VOL. 116 | NO. 196 | Wednesday, October 9, 2002
By STACEY WIEDOWER
REITs bright spot in otherwise dismal market
By STACEY WIEDOWER
The Daily News
Even with the economy in its current sag, real estate
investment trusts are having a positive year, according to data provided by the
National Association of Real Estate Investment Trusts, or NAREIT.
The NAREIT composite index is up 2.74 percent, said Chuck
DiRocco, the associations senior director for industry analysis. Thats
compared to broader benchmarks the Russell 2000 is down 26 percent, and the
S&P 500 is down 27 percent.
So, right now, REITs, in an investors eyes, seem to be a
stable, smart investment in an economy that everyone at this point is kind of
Kent Mathis, a financial consultant with AG Edwards &
Sons Inc., said with current interest rates, he suggests REITs as a way for his
clients to get some extra return without taking a lot of extra risk.
But, he also emphasizes the importance of diversification in
all investing, including REITs, he said.
If youre going to invest in REITs, you dont want to own
any one REIT, he said. Because, just like in any other type of equity
investing, you want diversification. In the world of REITs, you want to own a
housing REIT, an office or commercial REIT, and you want something in several
different parts of the country.
He said some REITs he particularly recommends are Capital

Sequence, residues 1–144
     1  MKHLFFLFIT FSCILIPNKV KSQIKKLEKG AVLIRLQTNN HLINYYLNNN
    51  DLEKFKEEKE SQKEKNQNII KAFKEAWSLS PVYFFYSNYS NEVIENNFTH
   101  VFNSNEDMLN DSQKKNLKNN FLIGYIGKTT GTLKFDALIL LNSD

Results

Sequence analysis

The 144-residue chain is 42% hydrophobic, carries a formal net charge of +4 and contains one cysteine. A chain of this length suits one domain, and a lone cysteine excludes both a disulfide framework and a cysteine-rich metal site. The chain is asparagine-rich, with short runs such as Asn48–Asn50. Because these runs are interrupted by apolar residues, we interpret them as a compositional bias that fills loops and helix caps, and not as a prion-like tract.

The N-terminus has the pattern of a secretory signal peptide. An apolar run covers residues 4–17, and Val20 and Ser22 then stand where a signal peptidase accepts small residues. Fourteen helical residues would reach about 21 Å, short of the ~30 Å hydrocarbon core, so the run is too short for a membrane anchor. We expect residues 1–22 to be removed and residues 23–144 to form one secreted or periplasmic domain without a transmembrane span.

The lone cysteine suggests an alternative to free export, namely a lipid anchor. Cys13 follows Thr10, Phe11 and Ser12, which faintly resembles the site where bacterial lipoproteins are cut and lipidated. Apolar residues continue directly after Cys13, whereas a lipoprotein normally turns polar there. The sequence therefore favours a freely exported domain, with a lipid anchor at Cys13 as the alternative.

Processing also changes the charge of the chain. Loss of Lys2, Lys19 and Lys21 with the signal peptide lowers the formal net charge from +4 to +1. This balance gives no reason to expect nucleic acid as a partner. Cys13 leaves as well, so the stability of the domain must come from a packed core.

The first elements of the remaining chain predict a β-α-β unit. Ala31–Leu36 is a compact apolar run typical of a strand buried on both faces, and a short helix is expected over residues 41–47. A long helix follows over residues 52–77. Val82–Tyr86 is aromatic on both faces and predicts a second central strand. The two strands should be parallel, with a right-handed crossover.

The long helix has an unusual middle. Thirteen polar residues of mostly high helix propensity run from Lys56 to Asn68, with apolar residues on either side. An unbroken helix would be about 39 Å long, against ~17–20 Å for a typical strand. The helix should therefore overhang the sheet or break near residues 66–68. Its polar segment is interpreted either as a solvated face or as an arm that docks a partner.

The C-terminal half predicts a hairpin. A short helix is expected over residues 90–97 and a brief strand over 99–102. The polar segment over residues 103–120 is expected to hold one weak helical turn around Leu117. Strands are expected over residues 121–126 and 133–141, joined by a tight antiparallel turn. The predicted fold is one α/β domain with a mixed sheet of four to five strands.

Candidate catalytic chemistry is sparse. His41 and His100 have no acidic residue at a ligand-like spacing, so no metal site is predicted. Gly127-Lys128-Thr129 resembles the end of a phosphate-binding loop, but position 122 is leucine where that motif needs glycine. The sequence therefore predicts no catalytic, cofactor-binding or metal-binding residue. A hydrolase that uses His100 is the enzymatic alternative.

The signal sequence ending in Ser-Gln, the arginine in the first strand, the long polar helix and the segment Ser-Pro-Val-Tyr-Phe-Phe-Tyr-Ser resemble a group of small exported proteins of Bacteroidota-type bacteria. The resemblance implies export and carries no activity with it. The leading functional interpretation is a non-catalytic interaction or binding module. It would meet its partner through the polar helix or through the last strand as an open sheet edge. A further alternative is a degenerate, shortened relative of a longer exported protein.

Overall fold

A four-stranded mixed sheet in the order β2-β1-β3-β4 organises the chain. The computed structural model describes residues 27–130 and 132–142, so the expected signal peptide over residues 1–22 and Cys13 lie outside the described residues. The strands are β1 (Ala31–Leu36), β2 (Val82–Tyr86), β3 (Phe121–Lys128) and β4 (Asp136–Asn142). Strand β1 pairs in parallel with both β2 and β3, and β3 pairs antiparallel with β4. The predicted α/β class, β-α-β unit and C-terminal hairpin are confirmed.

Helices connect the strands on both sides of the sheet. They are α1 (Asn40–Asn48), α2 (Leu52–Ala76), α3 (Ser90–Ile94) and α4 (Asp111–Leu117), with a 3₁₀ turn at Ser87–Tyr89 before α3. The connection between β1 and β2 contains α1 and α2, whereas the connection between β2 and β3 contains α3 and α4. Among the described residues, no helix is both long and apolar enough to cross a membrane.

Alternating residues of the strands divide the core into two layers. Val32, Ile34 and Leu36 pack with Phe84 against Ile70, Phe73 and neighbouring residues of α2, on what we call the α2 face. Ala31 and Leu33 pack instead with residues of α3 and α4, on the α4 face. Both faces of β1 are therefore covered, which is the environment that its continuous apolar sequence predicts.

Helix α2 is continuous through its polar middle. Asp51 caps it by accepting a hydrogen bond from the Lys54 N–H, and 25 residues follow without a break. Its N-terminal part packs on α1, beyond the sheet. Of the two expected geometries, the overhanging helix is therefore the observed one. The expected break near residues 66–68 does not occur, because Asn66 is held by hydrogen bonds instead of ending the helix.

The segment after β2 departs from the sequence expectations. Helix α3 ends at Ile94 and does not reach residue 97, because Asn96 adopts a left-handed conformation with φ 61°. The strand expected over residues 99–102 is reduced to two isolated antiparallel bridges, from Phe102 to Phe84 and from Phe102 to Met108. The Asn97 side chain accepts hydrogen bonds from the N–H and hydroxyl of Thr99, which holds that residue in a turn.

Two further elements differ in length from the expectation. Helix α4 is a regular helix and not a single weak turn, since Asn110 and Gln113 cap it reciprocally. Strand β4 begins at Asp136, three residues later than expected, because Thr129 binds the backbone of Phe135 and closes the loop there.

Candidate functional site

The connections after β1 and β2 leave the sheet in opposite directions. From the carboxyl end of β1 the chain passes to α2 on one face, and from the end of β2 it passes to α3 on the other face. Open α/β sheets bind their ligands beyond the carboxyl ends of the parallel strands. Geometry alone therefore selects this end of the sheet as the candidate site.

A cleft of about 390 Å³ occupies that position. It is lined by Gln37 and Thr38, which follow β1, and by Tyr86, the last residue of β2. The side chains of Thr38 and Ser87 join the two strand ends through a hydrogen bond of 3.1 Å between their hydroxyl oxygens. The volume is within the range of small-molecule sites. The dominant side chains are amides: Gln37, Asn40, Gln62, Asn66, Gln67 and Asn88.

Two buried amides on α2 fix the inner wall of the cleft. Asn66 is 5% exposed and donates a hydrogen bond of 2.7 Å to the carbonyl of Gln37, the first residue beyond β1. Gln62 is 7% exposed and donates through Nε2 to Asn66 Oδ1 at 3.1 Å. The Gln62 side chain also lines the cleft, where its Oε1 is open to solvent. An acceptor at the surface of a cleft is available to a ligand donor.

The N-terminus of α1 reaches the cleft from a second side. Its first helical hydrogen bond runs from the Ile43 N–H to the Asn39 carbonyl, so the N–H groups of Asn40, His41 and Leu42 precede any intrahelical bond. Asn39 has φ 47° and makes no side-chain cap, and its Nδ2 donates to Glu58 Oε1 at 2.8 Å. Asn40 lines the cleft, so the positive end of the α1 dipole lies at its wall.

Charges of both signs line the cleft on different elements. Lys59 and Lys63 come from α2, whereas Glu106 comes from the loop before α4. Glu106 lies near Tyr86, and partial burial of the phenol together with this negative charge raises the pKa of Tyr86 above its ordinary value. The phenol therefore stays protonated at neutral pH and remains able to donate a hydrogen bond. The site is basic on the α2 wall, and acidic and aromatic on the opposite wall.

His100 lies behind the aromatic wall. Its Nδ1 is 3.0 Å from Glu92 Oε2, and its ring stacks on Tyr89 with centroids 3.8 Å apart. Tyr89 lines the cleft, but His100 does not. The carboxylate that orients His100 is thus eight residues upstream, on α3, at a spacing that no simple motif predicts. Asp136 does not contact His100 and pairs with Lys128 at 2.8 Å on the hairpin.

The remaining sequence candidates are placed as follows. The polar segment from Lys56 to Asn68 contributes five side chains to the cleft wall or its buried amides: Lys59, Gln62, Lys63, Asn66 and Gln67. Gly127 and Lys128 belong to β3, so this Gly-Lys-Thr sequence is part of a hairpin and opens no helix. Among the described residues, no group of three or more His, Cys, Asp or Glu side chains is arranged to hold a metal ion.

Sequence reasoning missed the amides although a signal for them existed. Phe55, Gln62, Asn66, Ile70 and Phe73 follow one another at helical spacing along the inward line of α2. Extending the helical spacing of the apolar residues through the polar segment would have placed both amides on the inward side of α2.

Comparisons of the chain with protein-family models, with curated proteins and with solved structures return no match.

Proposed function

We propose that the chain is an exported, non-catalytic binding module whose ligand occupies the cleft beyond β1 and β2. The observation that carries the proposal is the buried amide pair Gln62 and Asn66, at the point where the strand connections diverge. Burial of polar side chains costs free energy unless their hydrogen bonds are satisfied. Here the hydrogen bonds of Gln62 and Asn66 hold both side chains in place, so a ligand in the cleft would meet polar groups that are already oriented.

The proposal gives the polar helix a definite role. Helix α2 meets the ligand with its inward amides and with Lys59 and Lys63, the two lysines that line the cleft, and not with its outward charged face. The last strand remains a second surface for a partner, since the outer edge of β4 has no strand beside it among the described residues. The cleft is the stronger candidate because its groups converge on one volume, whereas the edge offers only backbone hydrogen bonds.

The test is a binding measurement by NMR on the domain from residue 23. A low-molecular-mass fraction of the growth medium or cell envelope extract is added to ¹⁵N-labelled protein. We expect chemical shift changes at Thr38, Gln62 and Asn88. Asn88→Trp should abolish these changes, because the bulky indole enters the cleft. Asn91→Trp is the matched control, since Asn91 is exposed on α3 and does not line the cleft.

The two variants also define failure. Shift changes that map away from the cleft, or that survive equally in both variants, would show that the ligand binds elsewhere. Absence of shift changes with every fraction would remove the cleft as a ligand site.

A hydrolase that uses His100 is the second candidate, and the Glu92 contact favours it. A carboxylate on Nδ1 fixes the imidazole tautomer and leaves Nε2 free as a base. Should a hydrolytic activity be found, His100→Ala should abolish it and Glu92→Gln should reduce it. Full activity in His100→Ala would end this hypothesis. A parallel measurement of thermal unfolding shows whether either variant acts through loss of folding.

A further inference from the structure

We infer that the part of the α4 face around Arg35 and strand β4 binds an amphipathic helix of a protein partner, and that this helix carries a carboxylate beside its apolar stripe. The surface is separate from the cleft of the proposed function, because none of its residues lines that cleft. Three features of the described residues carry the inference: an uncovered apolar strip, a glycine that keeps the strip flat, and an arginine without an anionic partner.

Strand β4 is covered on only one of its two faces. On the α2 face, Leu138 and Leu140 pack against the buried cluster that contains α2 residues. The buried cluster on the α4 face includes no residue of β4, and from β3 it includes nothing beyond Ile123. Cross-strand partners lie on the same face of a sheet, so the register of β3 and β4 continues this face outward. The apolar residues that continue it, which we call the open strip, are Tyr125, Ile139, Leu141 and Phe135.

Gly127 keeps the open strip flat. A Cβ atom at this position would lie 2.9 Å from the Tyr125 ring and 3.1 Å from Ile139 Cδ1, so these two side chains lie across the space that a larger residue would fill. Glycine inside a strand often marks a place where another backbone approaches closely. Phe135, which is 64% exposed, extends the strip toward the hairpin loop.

Automotive, or CARS, which is trading in the $25 range and paying a yield of
about 6.5 percent; Boardwalk Equities, or BEI, which is trading in the $9 to
$9.50 range with a yield of about 6.8 percent; and Healthcare Realty Trust, or
HR, which is trading in the $30 to $31 range and paying about 7.8 percent.
He said locally owned REITs, such as Mid-America Apartment
Communities and Equity Inns, are favorites of some local investors, but he
always recommends diversification.
For example, Kimco Realty is one REIT Ive advocated for a
long time, he said. But, as much as I think its a great company, I dont
believe you need to put all $10,000 of your CD money into Kimco. Split that up,
put $2,000 apiece into five different REITs so youre always covered in case of
catastrophe in any one market.
When selecting REITs to purchase, local investment analysts
suggest seeking companies with strong balance sheets, or not too much debt.
If you think the economy has bottomed and is coming back,
it seems logical to think that REITs have kind of weathered the worst of the
storm, and there doesnt seem to be a lot of downside for good, solid
companies, one consultant said.
And, though low interest rates tend to have a negative
effect on REIT prices, dividend payments the size of an investors checks
dont typically drop, analysts said.
I dont think its a bad thing when my yield drops, Mathis
said. I think its a horrible thing when my dividend drops.
Mathis said when analysts predict amazing growth in the REIT
market, he doesnt necessarily get excited.
I dont get excited when Money magazine says REITs are the
greatest buy in the world, and I didnt get excited when they said they stunk
back in 1999, he said.
In 1999, nobody wanted REITs everybody hated them. You
could make a fortune buying amazon.com, and REITs were boring, paying 6
percent. Well, REITs are still paying 6 percent, and amazon.com isnt doing so